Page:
In the property damage cases, the measure of damages will be the diminution in value of the property at the time when the wrong was done but other formula may be adopted where the justice of the case demands. Thus, the cost of repair may be awarded even though it exceeds the diminution in value where it is reasonable.

Kinds of damages

There are four kinds of damages;

(i) Contemptuous damages. – Contemptuous damages are awarded by the Court when it is considered that action should never have been brought. They are an indication of the law court expressing an opinion of the claim of the plaintiff or its disapproval of his conduct in the matter. They differ from nominal damages as they may be awarded for any tortious act whether actionable per se or not. Recently in Bhim Singh v. State of J. & K., the Supreme Court awarded exemplary damages when there was wrongful detention. In the case Bhim Singh a member of Legislative Assembly was arrested when he was going to attend Assembly Session. Supreme Court considered it to be an appropriate case for awarding exemplary damages.

(ii) Nominal damages. – Nominal damages are awarded by the Court to the plaintiff not by way of compensation but by way of recognition of some legal right of plaintiff which the defendant has infringed, e.g., trespass, assault. avasions of a right of easement, etc.

In Ashby v. White, it was held that an elector had a right of action against a Returning Officer who wrongfully and maliciously rejected his vote at an election even though the candidate for whom he intended to vote was elected. It is thus obvious that nominal damages are awarded only in the cases of such torts as are actionable per se.

(iii) Real or substantial damages. – Real or substantial damages are those which are assessed an awarded as compensation for damage actually suffered by the plaintiff, and not simply by way of mere recognition of a legal right violated. They are a sum of money which is awarded to the plaintiff as a fair and equitable compensation for the injury suffered by him. They are also called ordinary or compensatory damages. Such damages are awarded in a great majority of actions in tort, such as, an assessed as nearly as possible at sum of money which would put the injured party in the same position as he would have been in, if he would not have sustained the injury.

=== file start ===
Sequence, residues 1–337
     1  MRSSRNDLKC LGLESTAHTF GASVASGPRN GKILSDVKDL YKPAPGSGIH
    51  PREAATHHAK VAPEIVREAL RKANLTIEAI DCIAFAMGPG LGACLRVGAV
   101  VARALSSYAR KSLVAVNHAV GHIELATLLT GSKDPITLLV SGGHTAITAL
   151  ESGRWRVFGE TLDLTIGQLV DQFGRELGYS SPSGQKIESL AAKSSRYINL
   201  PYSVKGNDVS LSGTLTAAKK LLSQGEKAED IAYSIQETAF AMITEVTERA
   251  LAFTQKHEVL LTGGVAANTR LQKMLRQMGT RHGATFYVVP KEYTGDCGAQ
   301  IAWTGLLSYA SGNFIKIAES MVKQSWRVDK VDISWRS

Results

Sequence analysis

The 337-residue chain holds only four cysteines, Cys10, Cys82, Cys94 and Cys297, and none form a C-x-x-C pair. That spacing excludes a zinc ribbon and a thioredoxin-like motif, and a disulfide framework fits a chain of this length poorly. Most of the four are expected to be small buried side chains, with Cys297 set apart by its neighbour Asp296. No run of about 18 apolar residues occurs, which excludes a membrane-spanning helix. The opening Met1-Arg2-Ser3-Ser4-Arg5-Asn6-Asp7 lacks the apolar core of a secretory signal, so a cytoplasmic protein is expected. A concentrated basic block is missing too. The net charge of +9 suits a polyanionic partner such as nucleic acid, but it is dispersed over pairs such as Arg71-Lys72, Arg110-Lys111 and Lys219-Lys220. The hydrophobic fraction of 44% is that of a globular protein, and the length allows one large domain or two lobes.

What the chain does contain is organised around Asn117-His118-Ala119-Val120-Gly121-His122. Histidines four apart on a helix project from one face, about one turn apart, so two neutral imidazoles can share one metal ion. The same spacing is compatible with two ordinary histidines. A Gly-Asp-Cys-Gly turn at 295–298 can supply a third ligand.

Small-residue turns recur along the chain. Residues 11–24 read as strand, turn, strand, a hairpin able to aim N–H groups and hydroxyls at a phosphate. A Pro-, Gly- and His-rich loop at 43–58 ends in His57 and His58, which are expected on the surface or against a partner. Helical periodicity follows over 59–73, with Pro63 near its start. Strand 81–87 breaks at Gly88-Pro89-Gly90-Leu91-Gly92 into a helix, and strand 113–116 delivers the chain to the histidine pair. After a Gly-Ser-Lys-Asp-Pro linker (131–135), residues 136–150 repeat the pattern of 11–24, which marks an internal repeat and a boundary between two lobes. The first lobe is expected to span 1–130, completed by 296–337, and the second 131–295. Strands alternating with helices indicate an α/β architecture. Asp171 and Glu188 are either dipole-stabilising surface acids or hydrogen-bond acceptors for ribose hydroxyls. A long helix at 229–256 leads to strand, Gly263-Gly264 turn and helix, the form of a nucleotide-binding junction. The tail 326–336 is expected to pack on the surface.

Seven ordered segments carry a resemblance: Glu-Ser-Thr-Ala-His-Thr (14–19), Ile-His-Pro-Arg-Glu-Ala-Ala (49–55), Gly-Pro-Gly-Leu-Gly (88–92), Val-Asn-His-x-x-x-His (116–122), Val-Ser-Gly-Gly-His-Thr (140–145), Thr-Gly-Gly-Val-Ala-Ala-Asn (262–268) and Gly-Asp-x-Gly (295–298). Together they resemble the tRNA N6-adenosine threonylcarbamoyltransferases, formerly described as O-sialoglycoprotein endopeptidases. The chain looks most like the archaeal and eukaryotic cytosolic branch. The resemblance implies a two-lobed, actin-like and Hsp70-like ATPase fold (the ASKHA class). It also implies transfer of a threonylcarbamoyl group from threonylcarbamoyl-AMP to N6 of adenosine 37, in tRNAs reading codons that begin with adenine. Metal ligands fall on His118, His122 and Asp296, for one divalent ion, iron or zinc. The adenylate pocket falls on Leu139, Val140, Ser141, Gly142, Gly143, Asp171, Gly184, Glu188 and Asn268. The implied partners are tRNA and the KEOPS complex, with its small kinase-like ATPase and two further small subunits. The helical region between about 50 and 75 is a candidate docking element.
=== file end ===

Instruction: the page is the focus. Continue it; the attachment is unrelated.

(iv) Compensatory and exemplary damages.-Compensatory damages are awarded as compensation for, and are measured by, material loss suffered by the plaintiff. Exemplary damages are awarded where there has been great injury by reason of aggravating circumstances accompanying the wrong. A heavy amount is awarded as an expression of indignation at the conduct of the defendant whenever he has shown a contumelious disregard of the plaintiff;s right. A malicious motive, an arrogant or insolent manner are things would justify exemplary damages being given by judges or jury. Thus, exemplary damages may be obtained in case of seduction of a man’s daughter with deliberate fraud, or of gross defamation actuated by sheer spite, a wantor trespass of land persisted in with violent and indisciplined behaviour, or assault and false imprisonment under colour of a pretended right. The object of awarding exemplary damages is to deter other persons from the commission of a similar act. Such damages are sometimes also known as ‘vindictive’ or ‘punitive’ damages.

In Common Cause a Registered Society v. Union of India, the Supreme Court held, that State is also entitled to recover from public servant exemplary damages, for oppressive, arbitrary and unconstitutional action in disposal of public property.

(v) Prospective damages. – Prospective or future damage are those which are likely to result from the wrongful act of the defendant but they  have not actually resulted at the time when the damages are being decided by the Court. The point can be illustrated by the case of Subhas Chandra v. Ram Singh. In this case the appellant was hit by a bus driver by the respondent. He suffered several injuries resulting in his permanent disability to walk without a surgical shoe. Because of the disability he could not take employment in certain avenues. The Motor Claims Tribunal awarded him compensation amounting to Rs. 3,000 under the heading ‘probable further loss’. The amount of compensation on appeal was increased to Rs. 7,000 by the Delhi High Court.

Measure of damages. – By the term ‘measures of damages’ is meant, the standard or method of calculation by which the amount of damages is to be assessed and the onus lies on the plaintiff to produce the best evidence he can to prove damages.